#5

Thanks Adam, I have never been in a beekeeping club, in the early days I was out at sea a lot plus it never occurred to me to look for one. I was lucky that three different experienced blokes were generous enough to answer my questions & share their knowledge, I had a small beekeeping book & what was in our World Book Encyclopedia. I lot of the things I share with people, knowledge wise, is from making mistakes, observing, trying to work out why the bees do certain things plus a lot of stuff I recently learned through the internet. I’m going to put one of those things into practice this afternoon. The strategy of moving a hive fairly close & keep them locked up for 3 days before opening the entrance. That IS a brilliant idea.


#6

Just read this thread and what you say adagna is correct but a sign of the times. I belong to a lawn bowls club and the RSL and almost all executive positions are held by seniors 65Yrs Plus. I am 74 and occupy positions in both clubs because no younger members are interested. Young people are needed in all clubs to make them vibrant, unfortunately there is not enough of young ones wanting to take leadership roles.


#7

The San Diego Beekeepers Society probably has an average age of over 60, but we do have some very dynamic youngsters with some pretty good ideas. Here is the web site of Hilary, who is quite innovative in her concepts, as you can see from her promotional video:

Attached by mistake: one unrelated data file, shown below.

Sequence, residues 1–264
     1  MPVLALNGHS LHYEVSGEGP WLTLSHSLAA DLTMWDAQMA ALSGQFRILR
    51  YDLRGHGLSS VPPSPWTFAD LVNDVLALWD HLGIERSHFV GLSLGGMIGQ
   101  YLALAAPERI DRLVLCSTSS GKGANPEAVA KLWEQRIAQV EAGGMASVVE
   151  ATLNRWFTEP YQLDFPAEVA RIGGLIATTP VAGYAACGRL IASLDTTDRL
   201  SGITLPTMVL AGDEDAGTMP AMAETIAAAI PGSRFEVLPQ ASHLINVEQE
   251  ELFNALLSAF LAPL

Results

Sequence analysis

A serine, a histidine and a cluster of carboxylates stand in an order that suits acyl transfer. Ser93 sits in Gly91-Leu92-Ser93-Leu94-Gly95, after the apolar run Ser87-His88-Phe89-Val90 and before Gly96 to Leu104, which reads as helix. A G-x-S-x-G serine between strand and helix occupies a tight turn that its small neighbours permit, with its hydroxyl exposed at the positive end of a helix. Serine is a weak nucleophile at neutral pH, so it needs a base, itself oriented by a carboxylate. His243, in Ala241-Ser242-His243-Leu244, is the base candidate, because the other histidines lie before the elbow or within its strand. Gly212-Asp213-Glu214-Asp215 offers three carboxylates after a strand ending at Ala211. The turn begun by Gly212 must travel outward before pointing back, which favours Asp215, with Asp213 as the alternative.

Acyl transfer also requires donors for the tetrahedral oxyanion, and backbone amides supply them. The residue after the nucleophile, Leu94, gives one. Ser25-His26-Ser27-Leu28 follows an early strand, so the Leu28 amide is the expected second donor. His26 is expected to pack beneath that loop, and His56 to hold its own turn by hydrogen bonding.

http://girlnextdoorhoney.com

She also uses all mediums whenever possible in her hives, and prefers to use foundation-less frames, so she must be a Michael Bush follower. :wink: I think she is gradually changing the concepts of our club. The only problem is that she doesn’t think much of the Flow hive, but then she is young, so perhaps she can learn better! :smile:

Dawn


#8

I think it is the young with the dynamic ideas. Problem is how to harness that with practicality and not destroy the spirit. I live quite rural with nearest neighbour about 1.5 Km away but the district is just full of young farmers and I just love getting together with them because I learn so much from them. In another life I was an engineer so I try to make the process mutual by refining the ideas.


#9

We have 11 and 12 year olds’ at our club as well as the oldies - I’m the average age in our club - there is often Grand children of various member come along and they have their own suits. So all good


#10

You are lucky

You really do have young persons club.
Wow got the wink in but gee what a beauty (busso is laughing) I will master them.


#11

Towards the end of the year we had elections for the club officers, and the treasurer was stepping down so one of the younger girls in the club who just graduated with her masters in accounting stepped up to run and caused quite a stir in the club because she challenged the “shoe-in” who’d been picked by the old timers to step in. There were definitely some dirty looks getting thrown around that night esp for those of us in the club to dared to vote for the outsider. Politics… gotta love it. So while you are right the clubs need younger blood the set in their ways old timers are making not so hospitable for those of us who might be interested in taking on leadership roles in the club. I’m sure there are some clubs that actually are interested in bringing new blood in, mine just doesn’t seem to be one of them unfortunately.